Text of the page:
I’m feeling a little sentimental this morning so I thought I’d share the video I made for Boone’s 1st birthday which was 2 weeks ago. Here’s to another great year!
I recently had the opportunity to work with musician, Laura Mae Socks for her new promotional photos. Laura is a country musician and a long time friend so when she asked me if I would be interested in photographing her, it was a no brainer. I have mentioned on this blog before that musicians are some of my favorite subjects to photograph because it’s always a collaborative process. This shoot was no exception.
Laura lives in New Orleans but was recently in my area for a few weeks which gave us an opportunity to get together. We decided to spend the day in two unique locations playing with various concepts. Laura is also a trained makeup artist and has a great wardrobe to work with so I was able to concentrate wholly on the composition and lighting of the photographs.
We had a hard time editing these down and ended up with quite a few great shots. These are some of my personal favorites.
I’ve been slacking big time on my blog updates for the past few months. As always, I pledge to do better. We’ll see. For now, here’s a photo I took while working on my Rural Exposures Project last month in Pottsville, PA.
In general, I don’t get that excited by most of the Super Bowl commercials, but this time something really caught my attention. Maybe it’s because I felt a connection to the images used in this spot. Maybe it’s because I grew up in an agricultural community surrounded by farming families. Maybe it’s because I thought the photographs were brilliant or maybe it’s because I wanted to be the photographer who shot these images.
Regardless, I think the ad was excellent. I’m sure there will be many naysayers, but from my perspective, it was brilliant. In fact, I would say it was the only ad that actually held my attention. I spent most of the game drinking and eating with friends and family, but by the time this ad came on, I was engrossed in reading my iPad while semiconsciously paying attention to the game. This ad brought be out of my stupor and pulled me in.
Paul Harvey’s voice wrapped itself around me and demanded my attention. When have you heard a voice and a tribute quite like that? And then, the images did their work. They were beautiful, powerful and authentic. They made me jealous of the photographers given this assignment. It’s exactly the job I would want to do.
I did some sleuthing and believe that the ad was produced by The Richards Group out of Dallas, TX. I also discovered that 10 different photographers shot for this ad, 2 of them being William Albert Allard and Kurt Markus. I’m not sure who the other 8 are and would love to here if anyone reading this knows. I think they all deserve some respect for their images. I’ve always looked up to the work of Allard and Markus and I would love to know who else contributed to this.
Lastly, I think the photo editor on this should be commended for his or her work. The sequence was perfect. The image selection made this story successful. And now, I think I’m going to go buy a Ram.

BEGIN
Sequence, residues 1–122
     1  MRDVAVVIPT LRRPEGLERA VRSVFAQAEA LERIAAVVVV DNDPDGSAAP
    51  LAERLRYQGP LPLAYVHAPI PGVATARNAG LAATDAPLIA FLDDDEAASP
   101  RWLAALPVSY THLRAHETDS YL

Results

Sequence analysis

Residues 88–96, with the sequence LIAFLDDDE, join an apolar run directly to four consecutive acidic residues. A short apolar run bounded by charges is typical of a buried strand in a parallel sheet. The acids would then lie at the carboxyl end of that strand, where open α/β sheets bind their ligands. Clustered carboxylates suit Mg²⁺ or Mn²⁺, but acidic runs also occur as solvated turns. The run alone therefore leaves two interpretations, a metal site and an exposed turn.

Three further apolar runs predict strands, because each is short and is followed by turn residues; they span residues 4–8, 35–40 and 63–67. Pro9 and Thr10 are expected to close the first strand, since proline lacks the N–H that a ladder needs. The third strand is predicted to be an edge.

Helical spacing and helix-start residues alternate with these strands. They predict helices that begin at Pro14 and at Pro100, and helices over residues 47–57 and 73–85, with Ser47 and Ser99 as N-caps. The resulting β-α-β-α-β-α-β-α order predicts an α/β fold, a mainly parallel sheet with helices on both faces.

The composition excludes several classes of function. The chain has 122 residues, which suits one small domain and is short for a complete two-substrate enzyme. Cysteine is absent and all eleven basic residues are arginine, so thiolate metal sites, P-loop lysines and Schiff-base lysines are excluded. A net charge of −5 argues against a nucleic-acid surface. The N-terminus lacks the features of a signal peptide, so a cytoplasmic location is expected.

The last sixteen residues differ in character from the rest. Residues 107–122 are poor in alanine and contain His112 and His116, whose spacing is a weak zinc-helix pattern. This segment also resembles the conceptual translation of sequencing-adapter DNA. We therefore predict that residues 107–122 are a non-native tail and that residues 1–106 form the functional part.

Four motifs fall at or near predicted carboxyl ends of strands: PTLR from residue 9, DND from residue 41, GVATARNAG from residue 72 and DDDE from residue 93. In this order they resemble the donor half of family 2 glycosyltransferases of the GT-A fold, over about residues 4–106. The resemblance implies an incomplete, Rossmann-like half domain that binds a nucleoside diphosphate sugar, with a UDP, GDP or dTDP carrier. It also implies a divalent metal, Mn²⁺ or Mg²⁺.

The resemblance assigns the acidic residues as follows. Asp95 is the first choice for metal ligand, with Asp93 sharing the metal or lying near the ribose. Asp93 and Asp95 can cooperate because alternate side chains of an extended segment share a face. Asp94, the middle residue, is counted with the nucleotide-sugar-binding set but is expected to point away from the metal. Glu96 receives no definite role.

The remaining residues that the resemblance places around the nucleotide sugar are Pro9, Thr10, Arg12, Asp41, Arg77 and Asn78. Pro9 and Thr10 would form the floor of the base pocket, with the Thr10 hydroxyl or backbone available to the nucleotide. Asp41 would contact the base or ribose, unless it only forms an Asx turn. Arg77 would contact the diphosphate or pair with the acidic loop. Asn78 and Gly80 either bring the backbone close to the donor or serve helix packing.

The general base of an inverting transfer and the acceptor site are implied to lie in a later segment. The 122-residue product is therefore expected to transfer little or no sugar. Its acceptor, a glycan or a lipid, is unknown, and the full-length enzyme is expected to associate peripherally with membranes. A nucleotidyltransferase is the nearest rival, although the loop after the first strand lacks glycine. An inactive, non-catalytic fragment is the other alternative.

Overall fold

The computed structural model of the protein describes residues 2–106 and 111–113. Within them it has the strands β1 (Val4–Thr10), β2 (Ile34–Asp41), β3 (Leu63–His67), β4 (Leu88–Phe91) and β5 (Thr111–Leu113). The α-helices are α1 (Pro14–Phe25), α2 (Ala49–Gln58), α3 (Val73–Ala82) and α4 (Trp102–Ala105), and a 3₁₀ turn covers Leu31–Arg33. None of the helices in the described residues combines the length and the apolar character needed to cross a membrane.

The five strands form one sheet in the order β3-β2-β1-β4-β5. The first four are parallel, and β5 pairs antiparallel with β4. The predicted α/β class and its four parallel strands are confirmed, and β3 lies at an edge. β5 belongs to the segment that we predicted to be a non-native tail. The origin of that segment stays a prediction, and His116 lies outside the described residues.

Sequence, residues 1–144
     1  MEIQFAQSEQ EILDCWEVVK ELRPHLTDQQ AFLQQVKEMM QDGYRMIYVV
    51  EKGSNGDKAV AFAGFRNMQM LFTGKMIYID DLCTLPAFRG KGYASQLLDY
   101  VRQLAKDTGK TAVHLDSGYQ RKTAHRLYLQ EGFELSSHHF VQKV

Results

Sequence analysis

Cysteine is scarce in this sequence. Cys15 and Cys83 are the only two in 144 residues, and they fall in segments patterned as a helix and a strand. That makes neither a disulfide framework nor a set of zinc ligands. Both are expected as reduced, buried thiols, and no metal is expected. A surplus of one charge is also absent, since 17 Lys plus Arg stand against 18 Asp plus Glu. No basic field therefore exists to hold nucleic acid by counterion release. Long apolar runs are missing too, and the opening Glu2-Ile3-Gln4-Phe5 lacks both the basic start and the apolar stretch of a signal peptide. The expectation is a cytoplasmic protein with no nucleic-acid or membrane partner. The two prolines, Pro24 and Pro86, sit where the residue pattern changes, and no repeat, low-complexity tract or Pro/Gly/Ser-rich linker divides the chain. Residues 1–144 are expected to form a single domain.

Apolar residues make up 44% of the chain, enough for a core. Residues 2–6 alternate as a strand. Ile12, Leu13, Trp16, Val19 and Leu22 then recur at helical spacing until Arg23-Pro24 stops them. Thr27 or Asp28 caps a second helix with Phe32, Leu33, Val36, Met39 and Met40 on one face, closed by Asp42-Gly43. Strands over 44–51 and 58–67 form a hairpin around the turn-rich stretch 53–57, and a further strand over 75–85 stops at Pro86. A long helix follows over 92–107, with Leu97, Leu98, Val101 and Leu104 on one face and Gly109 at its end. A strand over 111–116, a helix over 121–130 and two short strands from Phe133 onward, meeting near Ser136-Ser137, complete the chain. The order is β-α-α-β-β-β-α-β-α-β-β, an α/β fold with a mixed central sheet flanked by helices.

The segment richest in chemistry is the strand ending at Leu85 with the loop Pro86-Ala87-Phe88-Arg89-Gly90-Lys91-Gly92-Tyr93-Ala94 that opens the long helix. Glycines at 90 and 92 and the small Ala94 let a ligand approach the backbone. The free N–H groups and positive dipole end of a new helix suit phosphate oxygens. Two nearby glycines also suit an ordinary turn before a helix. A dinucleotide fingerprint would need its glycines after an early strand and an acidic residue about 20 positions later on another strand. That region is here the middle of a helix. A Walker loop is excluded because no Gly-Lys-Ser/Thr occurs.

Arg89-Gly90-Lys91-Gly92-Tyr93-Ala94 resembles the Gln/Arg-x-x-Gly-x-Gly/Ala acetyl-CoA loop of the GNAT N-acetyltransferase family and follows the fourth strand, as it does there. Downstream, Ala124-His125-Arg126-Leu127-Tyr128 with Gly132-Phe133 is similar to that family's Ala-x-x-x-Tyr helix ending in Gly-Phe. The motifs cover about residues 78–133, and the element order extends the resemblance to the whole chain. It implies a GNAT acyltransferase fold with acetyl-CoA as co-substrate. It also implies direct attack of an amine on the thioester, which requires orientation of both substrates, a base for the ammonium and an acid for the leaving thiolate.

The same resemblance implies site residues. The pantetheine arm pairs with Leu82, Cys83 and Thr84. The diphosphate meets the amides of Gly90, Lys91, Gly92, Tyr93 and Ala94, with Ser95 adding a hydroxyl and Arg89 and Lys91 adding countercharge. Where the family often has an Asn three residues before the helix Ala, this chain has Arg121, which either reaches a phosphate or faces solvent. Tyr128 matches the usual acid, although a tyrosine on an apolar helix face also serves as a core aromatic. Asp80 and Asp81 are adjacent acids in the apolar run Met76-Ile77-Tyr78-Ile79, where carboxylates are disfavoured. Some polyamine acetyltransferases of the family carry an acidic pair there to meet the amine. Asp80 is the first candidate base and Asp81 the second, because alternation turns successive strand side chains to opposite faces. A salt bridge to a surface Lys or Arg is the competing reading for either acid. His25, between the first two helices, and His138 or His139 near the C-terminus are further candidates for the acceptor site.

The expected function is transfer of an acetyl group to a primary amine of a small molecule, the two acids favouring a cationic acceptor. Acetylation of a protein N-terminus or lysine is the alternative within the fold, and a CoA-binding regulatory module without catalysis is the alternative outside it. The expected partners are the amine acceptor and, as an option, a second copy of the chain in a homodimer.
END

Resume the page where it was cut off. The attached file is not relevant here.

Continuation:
I just saw on A Photo Editor that the ten photographers who worked on this project are Andy Anderson, William Allard, Jim Arndt, Daniel Beltra, Mark Gooch, Andy Mahr, Kurt Markus, David Spielman, Matt Turley and Olaf Veltman
I work in a fickle industry. There are times when it feels overwhelming as I’m sure it does for many other photographers, filmmakers, writers and anyone who pursues a freelance career. Even when you are doing everything you think you need to be doing, outside forces that are beyond your control can influence the outcome. As it is in every aspect of life.
You work hard. You nurture your creative voice. You learn. You research. You hone your technical skills. You perfect your business skills. You think. And sometimes you find yourself writing blog posts in the middle of the night. To what end you say?
Well, this industry is fickle and it can be frustrating. But that fickleness is also what makes it exciting to get up every morning and get to work. A set back one day is just that. It’s one day. The next day offers a multitude of opportunities if you allow it to. If there is one thing I have learned as a freelancer the past 8 years is that you just have to take one day at a time. Jobs come and go. The shutter clicks. The hard drives hum. The world turns and the industry changes by the minute. Be willing to adapt. Be flexible and enjoy yourself . . . even when things seem hard. If it was easy everyone would do it.
I’m excited for tomorrow. I’m excited to wake up next to my wife, to see my son smile, to watch my dog run through the field and to make coffee. Mmm, coffee. And, I’m excited for the work I get to do. Fun, creative work. Tomorrow is a day to focus on creating and to take a break from the numbers associated with running a business.
That’s why I endure the setbacks. Even when things are bad, they’re actually pretty damn good. I hear a lot of complaining and a lot of excuses on the web. I’ve done my fair share, but sometimes you just have to shut up and do the work. Be a doer. Lead. Take a risk. Stop complaining. If we can remember that we are the only ones holding ourselves back then nothing is out of reach.
Good night. I’ll see you in the morning.